One in three VR/AR projects in development will be platform-exclusive

HTC Vive remains developers' headset of choice in VRDC survey

31% of developers working on virtual or augmented reality projects currently intend to only release them on a single platform.

This is one of the takeaways from a new survey from the organisers behind this year's Virtual Reality Developers Conference. Out of 600 respondents, a third are working on platform-exclusive titles - a significant increase from the 10% reported in the 2016 survey.

The report suggests this might be so developers can gauge the chances of success for either that platform or the title, or perhaps in preparation to work on other platforms at a later date. Either way, it's an interesting trend given that exclusives currently make less commercial sense for developers due to the limited audiences of early adopters on each major VR platforms.

Of those making titles for a single platform, 35% were developing for HTC Vive - well ahead of Oculus Rift and Gear VR, which each secured 13% of participants.

In fact, HTC Vive remains the headset of choice for VR developers, with 56% of respondents currently working on projects for the Valve-funded virtual reality platform. Oculus Rift was a close second at 49%.

Oculus closes the gap when it comes to which platform developers intend to build their next title for, securing 50% of the vote vs HTC Vive's 52%.

And for all the talk of virtual reality presenting new opportunities to markets beyond the world of video games, it appears the majority of developers still focus on our industry. 78% of respondents classified their current or potential work in virtual or augmented realise as Games and Entertainment. Training and Education was the next biggest sector with 27%, while Branded Experiences - examples included car showrooms and vacation locations - are being developed by 19% of studios.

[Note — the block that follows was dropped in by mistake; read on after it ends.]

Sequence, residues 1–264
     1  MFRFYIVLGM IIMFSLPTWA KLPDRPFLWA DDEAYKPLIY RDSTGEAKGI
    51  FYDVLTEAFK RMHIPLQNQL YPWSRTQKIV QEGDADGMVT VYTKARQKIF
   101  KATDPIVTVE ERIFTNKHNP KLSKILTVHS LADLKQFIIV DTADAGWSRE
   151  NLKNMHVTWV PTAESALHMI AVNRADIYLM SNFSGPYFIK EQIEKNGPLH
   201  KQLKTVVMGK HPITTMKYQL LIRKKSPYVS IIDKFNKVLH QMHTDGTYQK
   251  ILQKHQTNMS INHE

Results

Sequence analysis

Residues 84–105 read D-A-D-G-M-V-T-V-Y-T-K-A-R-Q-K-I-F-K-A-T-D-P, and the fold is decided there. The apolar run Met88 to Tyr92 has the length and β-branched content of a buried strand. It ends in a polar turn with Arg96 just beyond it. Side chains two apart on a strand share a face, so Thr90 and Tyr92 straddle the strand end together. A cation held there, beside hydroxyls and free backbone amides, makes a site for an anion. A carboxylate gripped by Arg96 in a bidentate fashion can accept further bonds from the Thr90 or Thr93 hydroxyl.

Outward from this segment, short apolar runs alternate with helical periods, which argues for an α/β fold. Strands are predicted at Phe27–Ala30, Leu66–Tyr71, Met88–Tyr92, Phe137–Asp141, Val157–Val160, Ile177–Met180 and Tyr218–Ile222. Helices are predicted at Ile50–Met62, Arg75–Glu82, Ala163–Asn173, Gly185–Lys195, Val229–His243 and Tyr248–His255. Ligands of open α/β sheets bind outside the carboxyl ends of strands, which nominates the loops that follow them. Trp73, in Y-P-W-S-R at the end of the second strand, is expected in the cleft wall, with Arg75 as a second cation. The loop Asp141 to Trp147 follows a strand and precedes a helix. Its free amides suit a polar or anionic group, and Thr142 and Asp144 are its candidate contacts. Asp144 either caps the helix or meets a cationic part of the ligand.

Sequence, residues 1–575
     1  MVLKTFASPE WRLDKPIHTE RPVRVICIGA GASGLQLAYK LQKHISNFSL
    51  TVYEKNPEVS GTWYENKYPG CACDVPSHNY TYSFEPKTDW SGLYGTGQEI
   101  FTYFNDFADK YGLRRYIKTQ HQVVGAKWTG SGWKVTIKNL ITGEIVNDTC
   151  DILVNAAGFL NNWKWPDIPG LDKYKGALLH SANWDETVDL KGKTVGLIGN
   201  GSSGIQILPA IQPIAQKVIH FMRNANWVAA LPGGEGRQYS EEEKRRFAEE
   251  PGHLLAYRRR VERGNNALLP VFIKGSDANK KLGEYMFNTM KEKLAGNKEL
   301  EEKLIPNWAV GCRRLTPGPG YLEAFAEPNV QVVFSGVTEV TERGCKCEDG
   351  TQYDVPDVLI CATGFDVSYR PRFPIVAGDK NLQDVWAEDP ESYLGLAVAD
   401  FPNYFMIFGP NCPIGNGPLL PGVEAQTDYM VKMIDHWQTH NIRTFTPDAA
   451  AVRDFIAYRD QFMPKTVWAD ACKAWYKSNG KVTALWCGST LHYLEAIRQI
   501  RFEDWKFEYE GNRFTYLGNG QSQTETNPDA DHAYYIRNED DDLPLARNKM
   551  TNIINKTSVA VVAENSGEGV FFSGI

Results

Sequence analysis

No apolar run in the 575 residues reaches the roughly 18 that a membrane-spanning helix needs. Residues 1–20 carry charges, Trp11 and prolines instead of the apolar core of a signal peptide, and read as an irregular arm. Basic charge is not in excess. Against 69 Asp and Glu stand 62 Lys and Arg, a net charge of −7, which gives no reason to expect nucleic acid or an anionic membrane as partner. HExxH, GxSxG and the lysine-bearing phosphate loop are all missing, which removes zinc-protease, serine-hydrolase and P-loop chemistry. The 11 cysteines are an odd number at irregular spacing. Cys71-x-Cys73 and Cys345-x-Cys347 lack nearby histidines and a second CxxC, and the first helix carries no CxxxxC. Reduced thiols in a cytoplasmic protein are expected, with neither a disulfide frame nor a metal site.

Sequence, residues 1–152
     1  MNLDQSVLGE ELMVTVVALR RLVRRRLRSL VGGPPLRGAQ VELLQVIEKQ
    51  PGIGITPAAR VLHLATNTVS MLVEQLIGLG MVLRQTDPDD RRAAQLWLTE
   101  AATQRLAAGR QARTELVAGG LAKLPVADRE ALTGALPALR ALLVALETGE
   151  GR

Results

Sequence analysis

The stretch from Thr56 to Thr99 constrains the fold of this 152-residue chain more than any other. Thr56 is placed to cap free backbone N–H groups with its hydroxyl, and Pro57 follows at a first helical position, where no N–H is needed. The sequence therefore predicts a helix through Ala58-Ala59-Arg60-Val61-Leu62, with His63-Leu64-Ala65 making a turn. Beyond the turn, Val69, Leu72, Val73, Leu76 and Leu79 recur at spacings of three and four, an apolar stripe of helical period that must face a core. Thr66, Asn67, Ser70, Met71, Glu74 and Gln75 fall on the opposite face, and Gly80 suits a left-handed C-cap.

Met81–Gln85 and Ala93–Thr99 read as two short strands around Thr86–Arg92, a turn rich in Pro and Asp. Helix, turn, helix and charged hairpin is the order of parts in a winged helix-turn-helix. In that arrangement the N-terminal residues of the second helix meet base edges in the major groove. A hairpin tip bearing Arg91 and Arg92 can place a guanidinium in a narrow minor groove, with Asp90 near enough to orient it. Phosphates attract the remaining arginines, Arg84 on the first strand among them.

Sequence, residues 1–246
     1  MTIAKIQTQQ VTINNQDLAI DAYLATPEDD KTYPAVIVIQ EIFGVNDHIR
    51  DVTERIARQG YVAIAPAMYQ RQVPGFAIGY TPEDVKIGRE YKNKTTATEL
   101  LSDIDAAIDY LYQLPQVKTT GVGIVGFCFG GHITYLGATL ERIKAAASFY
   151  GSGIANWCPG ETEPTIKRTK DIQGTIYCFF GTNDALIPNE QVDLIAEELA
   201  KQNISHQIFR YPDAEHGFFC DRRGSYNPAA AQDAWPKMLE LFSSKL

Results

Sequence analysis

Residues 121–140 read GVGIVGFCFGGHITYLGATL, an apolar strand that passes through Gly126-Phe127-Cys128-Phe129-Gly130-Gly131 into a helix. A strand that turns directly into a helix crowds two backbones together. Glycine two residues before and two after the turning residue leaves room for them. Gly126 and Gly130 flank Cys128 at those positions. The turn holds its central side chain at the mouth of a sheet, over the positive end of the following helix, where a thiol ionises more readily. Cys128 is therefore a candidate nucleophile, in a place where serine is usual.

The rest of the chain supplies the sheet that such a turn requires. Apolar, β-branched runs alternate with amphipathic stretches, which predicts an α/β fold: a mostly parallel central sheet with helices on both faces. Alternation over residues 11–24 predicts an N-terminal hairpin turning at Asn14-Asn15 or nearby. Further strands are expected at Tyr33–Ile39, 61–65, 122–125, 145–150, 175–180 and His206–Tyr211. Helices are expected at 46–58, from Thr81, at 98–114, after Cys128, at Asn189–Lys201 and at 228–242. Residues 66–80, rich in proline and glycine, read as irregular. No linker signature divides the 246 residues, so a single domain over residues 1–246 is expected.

The 2017 Virtual Reality Developers Conference takes place from September 21st to 22nd in San Francisco.

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Latest comments (3)

Jeff Kleist Writer, Marketing, Licensing 3 years ago
I will say when I ask people whether they want to buy VR, right after price is uncertainty. They have no idea which platform is the "right" one, and $6-800 is too much to take a risk for most people.
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Christopher Dring Publisher, GamesIndustry.biz3 years ago
@Jeff Kleist: So HTC's approach of non-exclusivity might be the best option at this stage in the VR story?
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Jeff Kleist Writer, Marketing, Licensing 3 years ago
@Christopher Dring: HTC has the backing of Valve, and they also have low investment in software. If they or Oculus pay for a game to be developed, then they should retain that right.

There is of course the swing toward the universal VR API, but the biggest issue in my opinion right now is the Oculus/Bethesda case. Oculus licenses their tech to Samsung, in fact I suspect, but do not know it's in Microsoft Mixed reality given their long relationship and the similarity on the hand controllers.

Room VR is not a thing at home outside of hardcore technology buffs, and that is a great deal of ehat drove early VIVE sales. Whether that will continue is a matter of debate, especially as Oculus is $200 cheaper and other solutions cheaper still. Price more than anything else drives mainstream adoption, and any or none of the existing solutions could be the eventual winner.

uncertainity is on a broad variety of subjects, and frankly if I were Microsoft I'd try to make X compatible eith as many as possible. Sony won't, and the sooner the better everyone works on the same page. Like direct X before it, a unifying set of protocols, whomever writes them is the best thing for moving forward, but people want to be confident the company whose tech and software they're spending a big chunk of change on will continue to be around to support it, and most of the mainstream, just as The PC makers Valve suckered into making their hardware found out with Steam boxes, don't know HTC except for their floundering phone business, and they don't know Oculus at all. Sony and Microsoft were able to enter the console business because they had established, recognizable names, and until these companies establish a far greater foothold than they have, the prices halve, and there is universal guidelines for the ecosystem, it's likely to continue to stagnate.
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